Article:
WSU welcomes students old and new all week

(Photo by: Tyler Brown) Students from the club Intervarsity mingle as part of Welcome Week.
(Photo by Tyler Brown) Mac Smith, an InterVarsity staff member, talks to students Keilah Quimby, a senior, and Stephanie Mathias, a criminal justice junior, during Welcome Week.

Long standing is the Welcome Week tradition at Weber State University. Started when the school was still a two-year college, the idea was to join students and faculty together and help everyone feel welcomed at the beginning of the new school year.

Judy Hurst, former assistant dean of the WSU Davis campus, attended WSU during the early ’60s, when it was called Weber State College. Hurst remembers celebrating Welcome Week during her time at school. Welcome Week then was similar to what WSU currently has, with many of the school’s clubs and organizations hosting booths.

“But we had silly traditions,” Hurst said. “The freshmen would have to wear green-and-white beanies, and if they were caught without them, they were forced to do pushups.”

Hurst was a member of a sorority, the campus activities board and the first class to graduate from WSU when it became a four-year college in 1964. When she returned in 1984, Welcome Week was no longer celebrated, and the students decided to bring it back.

Bryon Saxton, the activities president during the 1983–84 school year, said a restructuring took place in the student council.

“The year I took office, they had an SBO president and six vice presidents,” Saxton said. “They made a move to reduce the number of VPs and start delegating assignments to committees.”

The change made during Saxton’s presidency resembles WSU’s current senate structure.

Saxton said the credit goes to Jon Southwick for the return of Welcome Week. Southwick was the student body president for 1984–85.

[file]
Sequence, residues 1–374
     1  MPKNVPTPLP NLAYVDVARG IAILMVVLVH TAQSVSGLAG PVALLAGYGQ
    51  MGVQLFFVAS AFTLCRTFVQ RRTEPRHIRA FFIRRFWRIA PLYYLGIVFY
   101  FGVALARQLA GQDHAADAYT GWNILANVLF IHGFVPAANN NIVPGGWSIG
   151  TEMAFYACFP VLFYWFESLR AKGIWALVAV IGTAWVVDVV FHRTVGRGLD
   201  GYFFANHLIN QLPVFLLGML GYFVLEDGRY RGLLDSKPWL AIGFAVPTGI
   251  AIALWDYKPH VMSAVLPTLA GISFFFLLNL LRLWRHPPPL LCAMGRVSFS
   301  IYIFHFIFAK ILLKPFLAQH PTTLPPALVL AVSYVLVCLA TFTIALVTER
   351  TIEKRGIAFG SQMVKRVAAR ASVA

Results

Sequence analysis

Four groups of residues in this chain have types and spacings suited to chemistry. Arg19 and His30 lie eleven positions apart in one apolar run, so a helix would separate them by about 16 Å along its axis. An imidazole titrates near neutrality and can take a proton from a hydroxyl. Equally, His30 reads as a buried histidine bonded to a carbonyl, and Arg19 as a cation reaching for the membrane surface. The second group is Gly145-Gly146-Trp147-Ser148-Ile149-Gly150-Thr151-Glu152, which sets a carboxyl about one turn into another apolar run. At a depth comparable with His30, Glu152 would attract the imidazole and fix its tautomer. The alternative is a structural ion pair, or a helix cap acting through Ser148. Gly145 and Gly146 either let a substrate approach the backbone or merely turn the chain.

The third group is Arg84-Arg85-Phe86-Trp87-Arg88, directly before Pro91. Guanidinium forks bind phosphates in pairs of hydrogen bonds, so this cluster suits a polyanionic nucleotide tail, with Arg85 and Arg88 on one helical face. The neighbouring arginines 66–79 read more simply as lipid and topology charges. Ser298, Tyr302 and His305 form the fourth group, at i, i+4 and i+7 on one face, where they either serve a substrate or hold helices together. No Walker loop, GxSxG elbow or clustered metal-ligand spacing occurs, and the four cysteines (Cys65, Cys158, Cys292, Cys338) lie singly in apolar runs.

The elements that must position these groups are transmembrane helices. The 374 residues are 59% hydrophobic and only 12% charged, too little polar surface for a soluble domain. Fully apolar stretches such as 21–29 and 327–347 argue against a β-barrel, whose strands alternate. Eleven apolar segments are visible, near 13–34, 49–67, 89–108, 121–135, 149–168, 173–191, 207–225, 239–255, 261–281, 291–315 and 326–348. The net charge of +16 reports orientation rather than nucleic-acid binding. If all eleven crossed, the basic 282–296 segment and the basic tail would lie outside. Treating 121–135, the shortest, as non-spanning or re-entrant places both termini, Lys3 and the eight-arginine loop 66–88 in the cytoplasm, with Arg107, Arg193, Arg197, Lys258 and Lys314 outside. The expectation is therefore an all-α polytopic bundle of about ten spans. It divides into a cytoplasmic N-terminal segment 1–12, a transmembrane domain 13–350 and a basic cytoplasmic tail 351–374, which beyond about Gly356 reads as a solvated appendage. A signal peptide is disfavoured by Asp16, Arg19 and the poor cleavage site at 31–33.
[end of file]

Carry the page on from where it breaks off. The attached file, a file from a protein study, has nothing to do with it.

“He was a big activities rah-rah guy who must have been behind the return of Welcome Week,” Saxton said.

Today, Welcome Week serves as the kickoff to a new school year, with games and parties designed to encourage students to get involved. The theme for this year’s Block Party, which will last from 8:30 a.m. to 2:30 p.m. on Friday, is Wildcat Wonderland, which takes its cues from “Alice in Wonderland.” WSU’s various clubs and organizations will be represented with their own booths, each club vying to win the prize for best booth by offering different activities and prizes for passing students while adhering to the Wonderland theme.

Current student body president David Wilson said students can expect a radio station, live bands and a huge surprise from the hockey team at the party. The event is free, though students can pay $5 to participate in Taste of the Town, which features food samples from local vendors to help students find their favorite place to eat in Ogden. Booths will take up the Moench Mall and Stewart Bell Tower plazas.

Welcome Week will end with the annual Foam Party, taking place in the pay lot by the Student Services Building this year and featuring dancing, food and activities.

“Make sure you stop and see all the booths, especially on Friday (the Block Party),” Wilson said. “It’s going to be like what you see on ‘Pitch Perfect.’ Make sure you shop around and see what you want to get involved in for the year.”